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Keeping audio-visual heritage from fading away

A scene from the Oscar nominated Swiss film, Das Boot ist voll.

The organisation set up exactly ten years ago to promote the preservation of Switzerland's audio-visual heritage says progress has been slow.

Memoriav was founded on December 1, 1995, as the umbrella organisation for various national institutions, including the Swiss Broadcasting Corporation, the Swiss Film Archive and National Sound Archives.

“The institutions became partners and started to speak to each other,” said Memoriav director, Kurt Deggeller, highlighting one of the organisation’s main achievements in its first ten years.

Deggeller told swissinfo the increased cooperation had led to a greater awareness of the urgent need to safeguard Switzerland’s audio and visual heritage. He said it had been proven that radio and television were the “most important source of information” for people worldwide.

But he added that Switzerland was still lagging behind other Organisation for Economic Co-operation and Development (OECD) nations.

France, for example, introduced laws in the 1930s regulating the archiving of audio and visual records whereas the Swiss Film Archive, Cinematheque, was first set up in 1943 and the Sound Archives, Fonoteca, not until 1986.

“There are enormous gaps in our archives pre-dating 1985,” the director of Fonoteca, Pio Pellizari, told swissinfo (see video).

“It’s impossible to say how much has been lost since we don’t know how much has been produced over the decades,” Pellizari explained. “We have 230,000 recordings in our collection and we have managed to catalogue only 130,000 of those.”

Common policy

Deggeller said one of the biggest challenges has been implementing a common national policy in a federalist state where much authority is devolved to the 26 cantons.

He said this has slowed preservation efforts by making it difficult to create a “legal basis” for conservation and to secure funding.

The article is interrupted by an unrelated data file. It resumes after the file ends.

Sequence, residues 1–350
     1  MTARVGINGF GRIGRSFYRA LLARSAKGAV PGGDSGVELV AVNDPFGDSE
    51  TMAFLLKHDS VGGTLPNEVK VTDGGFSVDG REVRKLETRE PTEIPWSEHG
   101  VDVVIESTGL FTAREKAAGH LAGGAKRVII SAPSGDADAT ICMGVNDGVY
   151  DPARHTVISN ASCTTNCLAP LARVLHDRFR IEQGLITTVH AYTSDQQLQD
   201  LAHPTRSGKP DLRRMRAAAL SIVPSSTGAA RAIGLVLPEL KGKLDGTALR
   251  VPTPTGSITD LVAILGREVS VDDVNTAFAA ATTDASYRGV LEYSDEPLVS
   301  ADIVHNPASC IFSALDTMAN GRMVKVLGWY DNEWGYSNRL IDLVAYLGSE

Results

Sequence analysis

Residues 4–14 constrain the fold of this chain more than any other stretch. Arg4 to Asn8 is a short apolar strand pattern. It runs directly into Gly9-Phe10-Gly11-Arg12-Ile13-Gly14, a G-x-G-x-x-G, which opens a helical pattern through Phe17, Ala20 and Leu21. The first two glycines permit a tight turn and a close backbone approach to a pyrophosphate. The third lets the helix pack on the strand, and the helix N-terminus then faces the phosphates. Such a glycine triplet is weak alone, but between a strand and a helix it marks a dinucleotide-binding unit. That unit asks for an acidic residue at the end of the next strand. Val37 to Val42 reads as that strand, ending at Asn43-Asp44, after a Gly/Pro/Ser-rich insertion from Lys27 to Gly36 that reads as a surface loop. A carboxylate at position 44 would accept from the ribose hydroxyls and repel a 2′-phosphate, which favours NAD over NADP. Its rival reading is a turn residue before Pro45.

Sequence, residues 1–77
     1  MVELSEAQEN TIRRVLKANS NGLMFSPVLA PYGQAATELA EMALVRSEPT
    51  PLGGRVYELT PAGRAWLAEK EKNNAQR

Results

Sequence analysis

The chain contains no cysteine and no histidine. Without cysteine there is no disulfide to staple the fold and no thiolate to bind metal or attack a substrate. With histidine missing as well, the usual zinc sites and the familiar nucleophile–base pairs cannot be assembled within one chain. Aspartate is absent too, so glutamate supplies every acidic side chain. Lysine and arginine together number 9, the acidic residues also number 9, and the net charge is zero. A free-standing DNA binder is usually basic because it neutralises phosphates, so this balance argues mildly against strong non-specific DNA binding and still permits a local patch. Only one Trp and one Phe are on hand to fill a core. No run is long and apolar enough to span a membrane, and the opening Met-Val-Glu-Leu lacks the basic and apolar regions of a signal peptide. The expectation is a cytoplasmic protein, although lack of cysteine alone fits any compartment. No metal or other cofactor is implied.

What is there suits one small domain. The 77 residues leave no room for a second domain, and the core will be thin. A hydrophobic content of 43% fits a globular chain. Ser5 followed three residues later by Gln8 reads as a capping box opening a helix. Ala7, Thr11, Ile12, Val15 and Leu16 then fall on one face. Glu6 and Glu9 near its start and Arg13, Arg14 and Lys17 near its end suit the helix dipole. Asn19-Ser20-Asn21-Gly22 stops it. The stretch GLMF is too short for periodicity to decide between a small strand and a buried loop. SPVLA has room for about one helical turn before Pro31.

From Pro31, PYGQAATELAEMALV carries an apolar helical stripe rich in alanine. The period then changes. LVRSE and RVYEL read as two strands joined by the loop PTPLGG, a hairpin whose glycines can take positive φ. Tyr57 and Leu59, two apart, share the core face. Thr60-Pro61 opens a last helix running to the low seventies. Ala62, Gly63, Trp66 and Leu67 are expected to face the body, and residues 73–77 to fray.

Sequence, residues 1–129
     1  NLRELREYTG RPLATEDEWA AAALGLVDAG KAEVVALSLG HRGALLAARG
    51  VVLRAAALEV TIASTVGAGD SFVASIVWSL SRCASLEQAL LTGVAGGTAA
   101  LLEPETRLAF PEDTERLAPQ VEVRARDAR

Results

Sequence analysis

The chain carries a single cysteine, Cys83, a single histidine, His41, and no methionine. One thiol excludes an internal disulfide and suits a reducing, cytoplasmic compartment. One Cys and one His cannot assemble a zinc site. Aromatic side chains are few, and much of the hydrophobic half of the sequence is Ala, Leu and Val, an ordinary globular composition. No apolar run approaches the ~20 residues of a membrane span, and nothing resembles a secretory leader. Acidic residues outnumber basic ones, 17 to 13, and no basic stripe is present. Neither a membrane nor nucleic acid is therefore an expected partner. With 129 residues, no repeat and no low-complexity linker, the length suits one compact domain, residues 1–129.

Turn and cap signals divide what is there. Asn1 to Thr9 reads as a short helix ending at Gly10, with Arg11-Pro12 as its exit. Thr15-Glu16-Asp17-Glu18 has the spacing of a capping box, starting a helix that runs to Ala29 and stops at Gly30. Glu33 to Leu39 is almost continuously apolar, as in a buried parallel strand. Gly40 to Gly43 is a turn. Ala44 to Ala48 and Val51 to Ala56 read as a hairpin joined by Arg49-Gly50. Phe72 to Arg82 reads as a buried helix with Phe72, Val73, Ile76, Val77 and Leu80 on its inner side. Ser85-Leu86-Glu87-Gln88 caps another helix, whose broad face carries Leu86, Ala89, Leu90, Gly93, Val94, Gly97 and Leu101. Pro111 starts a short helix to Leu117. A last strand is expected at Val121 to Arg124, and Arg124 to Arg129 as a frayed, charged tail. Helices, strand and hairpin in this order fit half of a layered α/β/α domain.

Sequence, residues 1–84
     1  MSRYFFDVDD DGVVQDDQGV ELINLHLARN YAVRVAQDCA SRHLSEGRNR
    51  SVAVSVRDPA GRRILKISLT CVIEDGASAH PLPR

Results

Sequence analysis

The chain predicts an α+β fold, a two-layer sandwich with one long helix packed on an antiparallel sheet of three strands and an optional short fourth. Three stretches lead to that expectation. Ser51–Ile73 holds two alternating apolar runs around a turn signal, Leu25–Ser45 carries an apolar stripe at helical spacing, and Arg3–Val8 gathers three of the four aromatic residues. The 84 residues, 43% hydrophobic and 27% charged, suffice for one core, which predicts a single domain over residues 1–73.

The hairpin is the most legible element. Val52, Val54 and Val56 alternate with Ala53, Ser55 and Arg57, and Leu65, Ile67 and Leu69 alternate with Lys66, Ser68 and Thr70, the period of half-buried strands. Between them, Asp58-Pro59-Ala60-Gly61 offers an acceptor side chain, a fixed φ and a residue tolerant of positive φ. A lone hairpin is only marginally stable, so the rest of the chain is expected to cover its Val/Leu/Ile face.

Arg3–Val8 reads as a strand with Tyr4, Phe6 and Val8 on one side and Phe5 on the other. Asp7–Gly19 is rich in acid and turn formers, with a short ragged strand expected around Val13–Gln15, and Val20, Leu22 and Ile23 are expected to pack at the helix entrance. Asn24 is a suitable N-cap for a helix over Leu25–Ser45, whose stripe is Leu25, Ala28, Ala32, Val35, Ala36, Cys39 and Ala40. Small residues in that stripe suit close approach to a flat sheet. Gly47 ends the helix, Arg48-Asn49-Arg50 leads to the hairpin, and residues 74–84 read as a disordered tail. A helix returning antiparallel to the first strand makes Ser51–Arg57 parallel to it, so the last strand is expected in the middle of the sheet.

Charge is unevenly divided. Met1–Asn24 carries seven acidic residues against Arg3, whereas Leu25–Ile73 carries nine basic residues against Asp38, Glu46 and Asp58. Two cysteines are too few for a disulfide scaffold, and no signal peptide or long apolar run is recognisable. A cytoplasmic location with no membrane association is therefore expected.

The Memoriav director said archiving laws were still “ambiguous” in the sense that they failed to ensure the archiving of all important audio and visual documents.

The last copy of a Swiss production, “Das Boot ist voll”, which was nominated for an Oscar as best foreign film in 1982, was discovered in the late 1990s decaying in a chapel cellar in Rome where it had been haphazardly stored.

Since it had not received any government funding, the film about a group of Second World War refugees seeking asylum in Switzerland was not eligible to be preserved in the Cinematheque vaults.

Historical importance

Instead of the few thousand francs it would have cost to archive, the film had to be restored at a cost of several hundred thousand francs when Switzerland was forced to reinvestigate its wartime past in the 1990s, and the film’s historical importance was belatedly recognised.

Deggeller and Pellizari agree the institutions set up to archive audio-visual materials are under-funded.

Earlier this week the House of Representatives followed the Senate in approving a credit package of nearly SFr12 million ($9.08 million) for Memoriav over the next four years.

But Deggeller told swissinfo that the credit package accepted by parliament is only a quarter of what the institution needs to fulfil its mandate.

“We have a backlog of 100,000 audio files to catalogue and we can only do 10,000 a year with our current funding,” Pellizari added.

“That means we have got between eight and ten years’ work still to do without taking into account any new recordings.”

The constantly changing industry standards also pose a challenge for the world’s audio-visual archivists.


“New formats are always being introduced,” Deggeller said. “They change every two to three years and the old ones become obsolete, which means we also have to change the archiving format.”

“Formats such as MiniDisc are data reduced,” he added. “You lose about half of the audio signal when using this format. The same is true of some video formats currently popular.”

The misconception that the internet is a global archive has also made Memoriav’s job more difficult.

“The internet is very unstable and the quality of audio and visual documents on the internet is very poor,” Deggeller said.

“It’s global access,” said Pellizari. “The internet is first and foremost a communications tool and not an archive, because it’s too fast moving, and not subject to any quality control.”

swissinfo, Dale Bechtel

Memoriav is an umbrella organisation for about 150 Swiss archives and libraries.
It was founded on December 1, 1995.
The founding members include swissinfo’s parent organisation, the Swiss Broadcasting Corporation, the Swiss Film Archive, the Swiss National Sound Archives, the Swiss Federal Archives, the Swiss National Library, the Swiss Institute for the Conservation of Photography and the Federal Communications Office.
Parliament has agreed a credit package of nearly SFr12 million for Memoriav during 2006-2009.

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SWI - a branch of Swiss Broadcasting Corporation SRG SSR

SWI - a branch of Swiss Broadcasting Corporation SRG SSR